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Susan McCorkindale Headshot

My Face Is Up To (I Mean, Down To), No Good

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My face is falling. If I said this to you, in person, you'd probably laugh, like my best friend did, and tell me not to be ridiculous. Or maybe you'd say, "Oh Aunt Susan, you're so silly," like my 8-year-old niece did when she caught me Christmas Eve, trying to shove my sagging skin up into my hairline and hissing a desperate prayer to Santa to please, please leave surgical clips in my stocking!

(He didn't of course, he utterly ignored me. My sweet niece, on the other hand, quickly wrapped one of her Dora the Explorer headbands and gave it to me on Christmas Day saying, "This will pull it all back nice and tight!" Isn't she cute? Convincing, too. It didn't work, but that only means she's on her way to a major marketing career.)

Honestly though, I'm not being silly or ridiculous. I'm stating a fact. My face is falling. It's getting loose and flabby. "Lax," as the facelift web sites say, particularly around my mouth where little puffs of skin have started to appear. They look like pouches and they'd be perfect for storing nuts for the winter if I were a squirrel which, as of this writing, I'm not, unless the fuzzy blonde mustache I've also sprouted means I'm on my way to whiskers and if that's the case, then I really am going to cry.

And we all know that won't help, unless I'd like to store nuts in my eyelids, too.

Frankly, I feel lied to, tricked, baited and switched, double crossed and conned. Why? Because everyone knows it's the neck that goes first, so that's what I've been watching. My neck! I was told that when I hit 50, my neck would cut and run. That it would wrinkle and sag. That the skin would bulge and flow in folds like lava down to my collar bone. That one morning, I'd look in the mirror and discover a veritable Saint Bernard looking back. And then I'd have only one option: to break out the collection of silk scarves I've had in storage since the eighties and hope they hide the brandy barrel.

But it hasn't happened. My neck is fine. And I should know. I check it constantly. I've missed whole days and nights and special events because I was busy scrutinizing my neck. The once-in -a-lifetime meteor shower everyone else watched? Missed it because it was neck check night. All those incredible Black Friday sales? Skipped them because I was staking out some possible skin tags. I feel so stupid. I've been completely preoccupied with my neck, when the whole time, it was my face that's been up to no good.

Correction: down to no good. And no amount of pulling, smoothing, tugging or trying to tuck it behind my ears is doing a damn thing.

"You need to do what my Grandma did," my friend and favorite esthetician Charla suggests one day when I'm in to see her for a facial and can't stop pulling at my squirrel pouches so she can confirm that, yes, sadly, I am on the road to rodent and from there it's just a hop, skip and a sob before the great neck collapse and my arrival, crying and suffocating beneath immense folds of skin, at Saint Bernard-ville. "You need a mini tuck." Then she went on to describe something about incisions near my ears and a whole lot of sucking fat and pulling skin and repositioning tissue and honestly, I don't know what else because I had to stop listening and run to the ladies' room, where I stared in the salon's enormous mirror trying to decide what was making me sicker: my face, the thought of the only thing that might fix it or the fact that Charla's 88-year-old Grandma can kick my butt in the guts department.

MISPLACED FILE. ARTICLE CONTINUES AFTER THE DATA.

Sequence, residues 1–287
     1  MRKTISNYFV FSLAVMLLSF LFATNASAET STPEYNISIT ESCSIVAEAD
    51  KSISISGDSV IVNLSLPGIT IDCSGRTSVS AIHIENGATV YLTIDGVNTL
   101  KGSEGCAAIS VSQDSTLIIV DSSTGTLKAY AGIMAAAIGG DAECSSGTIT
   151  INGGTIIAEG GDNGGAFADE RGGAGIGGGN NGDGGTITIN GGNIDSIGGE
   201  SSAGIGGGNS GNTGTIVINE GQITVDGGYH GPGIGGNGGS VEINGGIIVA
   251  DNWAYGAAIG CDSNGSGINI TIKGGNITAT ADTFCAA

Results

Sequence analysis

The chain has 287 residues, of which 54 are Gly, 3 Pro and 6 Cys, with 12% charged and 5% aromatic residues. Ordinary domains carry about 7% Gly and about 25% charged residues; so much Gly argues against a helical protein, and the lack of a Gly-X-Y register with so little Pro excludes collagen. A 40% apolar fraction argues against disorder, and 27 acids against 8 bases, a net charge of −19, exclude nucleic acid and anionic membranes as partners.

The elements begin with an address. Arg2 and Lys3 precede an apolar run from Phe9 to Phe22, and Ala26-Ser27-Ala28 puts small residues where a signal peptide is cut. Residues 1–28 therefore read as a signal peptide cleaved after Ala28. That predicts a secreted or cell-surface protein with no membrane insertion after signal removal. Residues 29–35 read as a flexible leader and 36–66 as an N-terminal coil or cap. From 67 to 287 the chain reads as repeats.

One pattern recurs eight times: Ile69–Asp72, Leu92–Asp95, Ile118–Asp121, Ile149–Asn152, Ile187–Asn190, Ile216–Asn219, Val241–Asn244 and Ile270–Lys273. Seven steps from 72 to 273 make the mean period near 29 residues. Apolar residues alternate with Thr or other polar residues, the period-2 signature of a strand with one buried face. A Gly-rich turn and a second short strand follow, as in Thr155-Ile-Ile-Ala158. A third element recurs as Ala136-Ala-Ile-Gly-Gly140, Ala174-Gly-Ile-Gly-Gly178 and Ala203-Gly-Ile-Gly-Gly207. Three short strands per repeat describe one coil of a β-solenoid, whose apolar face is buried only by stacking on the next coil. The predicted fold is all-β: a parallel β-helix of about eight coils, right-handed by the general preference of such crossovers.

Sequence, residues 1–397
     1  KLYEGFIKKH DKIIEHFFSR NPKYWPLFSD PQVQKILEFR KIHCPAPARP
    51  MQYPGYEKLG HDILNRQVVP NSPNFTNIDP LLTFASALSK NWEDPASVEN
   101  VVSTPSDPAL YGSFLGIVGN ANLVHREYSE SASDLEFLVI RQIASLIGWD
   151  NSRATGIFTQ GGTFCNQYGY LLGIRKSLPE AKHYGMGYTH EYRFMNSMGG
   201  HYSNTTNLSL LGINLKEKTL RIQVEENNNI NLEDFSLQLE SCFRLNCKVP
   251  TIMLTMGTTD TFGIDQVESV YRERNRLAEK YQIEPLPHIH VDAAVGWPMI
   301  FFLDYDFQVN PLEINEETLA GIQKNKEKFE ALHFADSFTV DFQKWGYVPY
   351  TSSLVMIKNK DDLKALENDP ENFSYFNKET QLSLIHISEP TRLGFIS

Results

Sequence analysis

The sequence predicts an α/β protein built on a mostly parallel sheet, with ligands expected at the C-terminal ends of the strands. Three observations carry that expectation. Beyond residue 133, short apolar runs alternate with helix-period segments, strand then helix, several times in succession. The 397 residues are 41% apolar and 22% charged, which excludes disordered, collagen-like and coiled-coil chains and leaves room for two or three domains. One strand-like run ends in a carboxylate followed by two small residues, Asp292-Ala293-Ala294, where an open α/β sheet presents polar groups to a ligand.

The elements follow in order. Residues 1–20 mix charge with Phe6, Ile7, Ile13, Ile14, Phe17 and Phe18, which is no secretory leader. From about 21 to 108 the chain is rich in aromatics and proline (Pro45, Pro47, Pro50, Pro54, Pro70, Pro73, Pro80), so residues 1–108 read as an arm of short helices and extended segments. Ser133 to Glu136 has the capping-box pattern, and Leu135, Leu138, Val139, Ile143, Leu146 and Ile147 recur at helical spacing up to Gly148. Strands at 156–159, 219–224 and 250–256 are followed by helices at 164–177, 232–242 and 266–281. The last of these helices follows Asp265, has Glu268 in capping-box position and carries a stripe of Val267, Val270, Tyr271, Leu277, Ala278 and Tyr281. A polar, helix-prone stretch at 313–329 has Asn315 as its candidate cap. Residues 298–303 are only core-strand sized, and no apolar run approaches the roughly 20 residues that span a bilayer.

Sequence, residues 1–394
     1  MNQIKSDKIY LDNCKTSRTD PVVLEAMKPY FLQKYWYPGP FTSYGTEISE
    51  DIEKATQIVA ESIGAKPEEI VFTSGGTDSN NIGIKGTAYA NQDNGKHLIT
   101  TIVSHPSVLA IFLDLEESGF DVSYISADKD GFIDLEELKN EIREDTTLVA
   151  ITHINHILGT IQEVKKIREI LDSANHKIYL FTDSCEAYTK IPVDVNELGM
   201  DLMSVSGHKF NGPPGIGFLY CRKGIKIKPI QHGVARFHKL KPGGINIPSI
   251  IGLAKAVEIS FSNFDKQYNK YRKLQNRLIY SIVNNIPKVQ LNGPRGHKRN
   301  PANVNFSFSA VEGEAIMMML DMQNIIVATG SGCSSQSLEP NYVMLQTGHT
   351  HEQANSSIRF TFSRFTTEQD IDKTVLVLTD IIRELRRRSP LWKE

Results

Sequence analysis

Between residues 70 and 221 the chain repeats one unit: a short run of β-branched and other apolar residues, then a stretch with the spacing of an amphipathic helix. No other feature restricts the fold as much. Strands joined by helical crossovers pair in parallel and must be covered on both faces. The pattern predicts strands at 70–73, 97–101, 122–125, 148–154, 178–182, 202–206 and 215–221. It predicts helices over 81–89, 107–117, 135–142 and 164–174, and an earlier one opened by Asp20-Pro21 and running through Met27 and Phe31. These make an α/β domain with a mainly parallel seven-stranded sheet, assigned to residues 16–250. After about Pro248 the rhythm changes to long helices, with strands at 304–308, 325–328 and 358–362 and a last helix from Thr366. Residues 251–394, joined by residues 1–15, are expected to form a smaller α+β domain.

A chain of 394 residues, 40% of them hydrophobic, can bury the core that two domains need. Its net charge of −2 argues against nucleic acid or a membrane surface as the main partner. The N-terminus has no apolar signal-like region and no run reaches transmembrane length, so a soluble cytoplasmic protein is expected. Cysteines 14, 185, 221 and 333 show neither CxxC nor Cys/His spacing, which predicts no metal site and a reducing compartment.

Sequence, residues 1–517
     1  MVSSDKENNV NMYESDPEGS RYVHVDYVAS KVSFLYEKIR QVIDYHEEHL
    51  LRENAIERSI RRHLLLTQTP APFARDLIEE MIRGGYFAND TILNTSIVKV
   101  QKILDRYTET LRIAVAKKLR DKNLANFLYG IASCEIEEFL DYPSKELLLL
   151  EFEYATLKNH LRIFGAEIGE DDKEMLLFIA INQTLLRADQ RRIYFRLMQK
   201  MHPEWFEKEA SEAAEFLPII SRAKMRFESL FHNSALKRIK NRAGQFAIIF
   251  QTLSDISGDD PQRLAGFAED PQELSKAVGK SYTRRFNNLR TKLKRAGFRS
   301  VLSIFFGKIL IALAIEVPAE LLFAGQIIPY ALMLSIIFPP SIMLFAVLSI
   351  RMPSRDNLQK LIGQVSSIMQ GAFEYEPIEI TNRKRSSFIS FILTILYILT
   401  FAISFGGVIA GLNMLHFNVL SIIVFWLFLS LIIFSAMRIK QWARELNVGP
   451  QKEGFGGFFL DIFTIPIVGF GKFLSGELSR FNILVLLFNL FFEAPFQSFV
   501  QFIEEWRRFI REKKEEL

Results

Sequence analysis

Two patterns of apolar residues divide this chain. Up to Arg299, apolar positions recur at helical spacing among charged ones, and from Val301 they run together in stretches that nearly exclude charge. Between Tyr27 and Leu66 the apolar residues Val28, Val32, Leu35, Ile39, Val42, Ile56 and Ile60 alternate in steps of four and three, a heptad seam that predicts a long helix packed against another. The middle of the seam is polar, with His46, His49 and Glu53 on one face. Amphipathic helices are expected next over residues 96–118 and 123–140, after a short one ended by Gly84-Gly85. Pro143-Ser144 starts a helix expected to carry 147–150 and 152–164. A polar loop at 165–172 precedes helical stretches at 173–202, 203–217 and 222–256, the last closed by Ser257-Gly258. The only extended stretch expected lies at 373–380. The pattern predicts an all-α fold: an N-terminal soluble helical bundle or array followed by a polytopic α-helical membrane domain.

Good God, my butt. Yet another body part I could bellyache about all day. But I won't. This is, after all, about my face. And how I may never again bend over to pick up stray socks, collect dog hair or dust the woodwork. Why? Because when I do, I can actually feel my skin plunging forward, slamming into the corners of my mouth, and forming what just might be the world's first face wattle.

Correction: the world's first human face wattle. Because it's not enough that I live on a 500-acre farm; I have to look like the livestock, too.

"You could try a clear, spray on adhesive," my honey suggests with a smirk when I make the mistake of telling him about my preoccupation with my face.

Excuse me?

"Home Depot sells it," he continues, grinning. "You can lay back, have your face fall where you want it, and spray it on along your hairline. You just have to be careful. It's tacky for about three minutes until it dries, and you don't want feathers getting stuck in it."

Great. Then I'd really look like a rooster. Which is certainly better than a squirrel and a Saint Bernard, though not by much. But you know, I do kind of like the idea of an adhesive. Particularly if it works with the headband.